Faster phase-out of HFCs would also help. For example, HFC-152a, a refrigerant used in car air-conditioners, has a half-life of about one year; it would be cleaned out of the atmosphere within a few years of emissions stopping. Other refrigerants, like HFC-134a are similar in persistence to methane. In such cases, about 90 percent of the accumulated inventory would be cleaned out of the atmosphere in 30 years. Finally, reducing soot – black carbon pollution – should be a much higher priority than it is. When soot deposits on Arctic Ocean ice or on glaciers, more sunlight is absorbed, causing faster melting. Diesel emissions and cooking with wood, charcoal, and cow dung are major sources as are forest fires.
Reducing emissions of some non-greenhouse-gas pollutants can also accelerate the removal of short-lived climate pollutants. For instance, volatile organic compounds (VOCs), like unburned hydrocarbons from vehicular and lawn mower exhaust and emissions of gasoline vapors at gas stations, consume hydroxyl radicals. Reducing their emissions would accelerate the destruction of short-lived climate pollutants like methane; it would also reduce the production of tropospheric ozone, a lung irritant that also has a warming impact. A comprehensive program of eliminating non-methane volatile organic pollutants, accelerating the phase-out of fossil gas, and replacing HFCs with non-warming, or low-warming refrigerants are key approaches that harness natural forces to boost human efforts in reducing greenhouse gas and other pollution. Stimulating methanotrophs and reducing emissions of soot would complement those efforts.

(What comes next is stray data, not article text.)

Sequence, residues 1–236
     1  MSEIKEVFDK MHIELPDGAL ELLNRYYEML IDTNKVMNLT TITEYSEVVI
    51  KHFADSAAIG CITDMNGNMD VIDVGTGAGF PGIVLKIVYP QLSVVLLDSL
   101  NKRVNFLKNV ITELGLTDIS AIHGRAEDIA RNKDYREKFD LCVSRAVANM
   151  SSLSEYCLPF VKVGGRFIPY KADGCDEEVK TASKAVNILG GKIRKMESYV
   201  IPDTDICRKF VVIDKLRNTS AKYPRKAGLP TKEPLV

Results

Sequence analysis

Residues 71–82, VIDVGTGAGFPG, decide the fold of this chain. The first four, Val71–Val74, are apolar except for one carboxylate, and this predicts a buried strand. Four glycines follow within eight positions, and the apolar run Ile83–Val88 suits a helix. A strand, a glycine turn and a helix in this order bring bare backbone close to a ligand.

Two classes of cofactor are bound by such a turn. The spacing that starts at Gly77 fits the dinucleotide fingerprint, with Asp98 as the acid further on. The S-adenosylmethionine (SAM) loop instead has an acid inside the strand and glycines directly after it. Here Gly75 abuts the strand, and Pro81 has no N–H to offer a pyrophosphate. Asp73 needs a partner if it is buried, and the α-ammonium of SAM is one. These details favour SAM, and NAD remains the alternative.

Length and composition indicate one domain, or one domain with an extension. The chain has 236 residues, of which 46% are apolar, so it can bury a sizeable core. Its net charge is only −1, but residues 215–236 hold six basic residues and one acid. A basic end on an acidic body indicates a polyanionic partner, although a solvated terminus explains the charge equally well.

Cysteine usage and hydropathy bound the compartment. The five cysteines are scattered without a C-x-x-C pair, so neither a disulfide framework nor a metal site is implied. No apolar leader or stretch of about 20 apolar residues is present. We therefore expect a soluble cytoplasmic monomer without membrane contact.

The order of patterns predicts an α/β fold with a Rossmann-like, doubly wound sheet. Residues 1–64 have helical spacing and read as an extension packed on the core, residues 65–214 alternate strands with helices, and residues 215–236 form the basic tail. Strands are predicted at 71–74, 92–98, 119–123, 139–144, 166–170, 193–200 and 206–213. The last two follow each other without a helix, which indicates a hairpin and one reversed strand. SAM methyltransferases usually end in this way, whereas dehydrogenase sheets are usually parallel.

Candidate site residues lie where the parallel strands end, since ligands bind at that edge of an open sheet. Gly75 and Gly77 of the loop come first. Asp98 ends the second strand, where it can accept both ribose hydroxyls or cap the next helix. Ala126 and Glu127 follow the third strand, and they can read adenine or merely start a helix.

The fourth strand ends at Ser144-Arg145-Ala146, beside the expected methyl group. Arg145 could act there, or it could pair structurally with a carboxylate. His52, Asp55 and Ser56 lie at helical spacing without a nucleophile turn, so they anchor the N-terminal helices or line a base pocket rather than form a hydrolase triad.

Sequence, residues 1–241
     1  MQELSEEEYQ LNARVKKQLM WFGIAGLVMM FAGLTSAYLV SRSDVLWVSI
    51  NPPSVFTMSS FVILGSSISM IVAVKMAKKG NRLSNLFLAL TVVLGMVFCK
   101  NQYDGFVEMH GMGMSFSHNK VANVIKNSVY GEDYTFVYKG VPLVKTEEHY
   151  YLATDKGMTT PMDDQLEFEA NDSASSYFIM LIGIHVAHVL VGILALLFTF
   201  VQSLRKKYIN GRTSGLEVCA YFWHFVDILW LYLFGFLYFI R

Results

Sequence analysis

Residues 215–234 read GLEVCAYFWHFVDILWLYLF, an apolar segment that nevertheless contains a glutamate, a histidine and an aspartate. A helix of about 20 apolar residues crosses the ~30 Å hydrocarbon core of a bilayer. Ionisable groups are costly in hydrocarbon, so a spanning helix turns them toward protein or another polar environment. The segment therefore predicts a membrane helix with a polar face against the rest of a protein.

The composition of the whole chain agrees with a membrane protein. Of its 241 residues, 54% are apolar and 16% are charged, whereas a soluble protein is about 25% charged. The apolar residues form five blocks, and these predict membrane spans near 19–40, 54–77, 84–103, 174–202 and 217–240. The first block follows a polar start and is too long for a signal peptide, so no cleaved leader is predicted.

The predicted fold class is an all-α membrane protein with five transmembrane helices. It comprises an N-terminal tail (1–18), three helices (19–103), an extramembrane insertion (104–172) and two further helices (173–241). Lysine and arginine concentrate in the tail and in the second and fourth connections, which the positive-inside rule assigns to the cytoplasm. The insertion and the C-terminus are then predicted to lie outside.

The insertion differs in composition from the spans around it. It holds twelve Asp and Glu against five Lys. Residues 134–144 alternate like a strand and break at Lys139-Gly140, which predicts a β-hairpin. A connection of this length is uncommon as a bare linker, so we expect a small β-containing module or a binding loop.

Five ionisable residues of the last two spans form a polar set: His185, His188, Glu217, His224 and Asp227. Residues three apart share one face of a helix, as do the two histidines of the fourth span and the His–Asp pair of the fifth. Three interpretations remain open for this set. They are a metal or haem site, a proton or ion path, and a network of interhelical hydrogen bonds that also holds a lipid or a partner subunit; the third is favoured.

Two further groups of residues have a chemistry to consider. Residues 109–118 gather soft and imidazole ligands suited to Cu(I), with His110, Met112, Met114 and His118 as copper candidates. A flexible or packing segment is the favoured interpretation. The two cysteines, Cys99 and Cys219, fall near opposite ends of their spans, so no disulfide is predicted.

It is also possible, in theory, to artificially produce hydroxyl radicals on a large scale. But, like other methods that interfere with natural processes in significant ways, understanding the impacts is a complex problem. We cannot make the same mistake as advocates of carbon capture and sequestration are making; a careful assessment is needed. Several efforts to explore the hydroxyl radical option on a small scale are underway; this would enable an understanding of the impact and feasibility of large-scale production. More funds for small-scale and laboratory research would help.
There is now global agreement that an urgent focus on short-lived climate pollutants is needed. The “Global Methane Pledge” to reduce methane emissions by 30 percent by 2030 was launched by the United States and the European Union in 2021. By the end of the global climate conference in Egypt in November 2022 (aka “COP27”), 150 countries had signed the pledge. It is a start, IF the signatories abide by it. Much more effort is needed.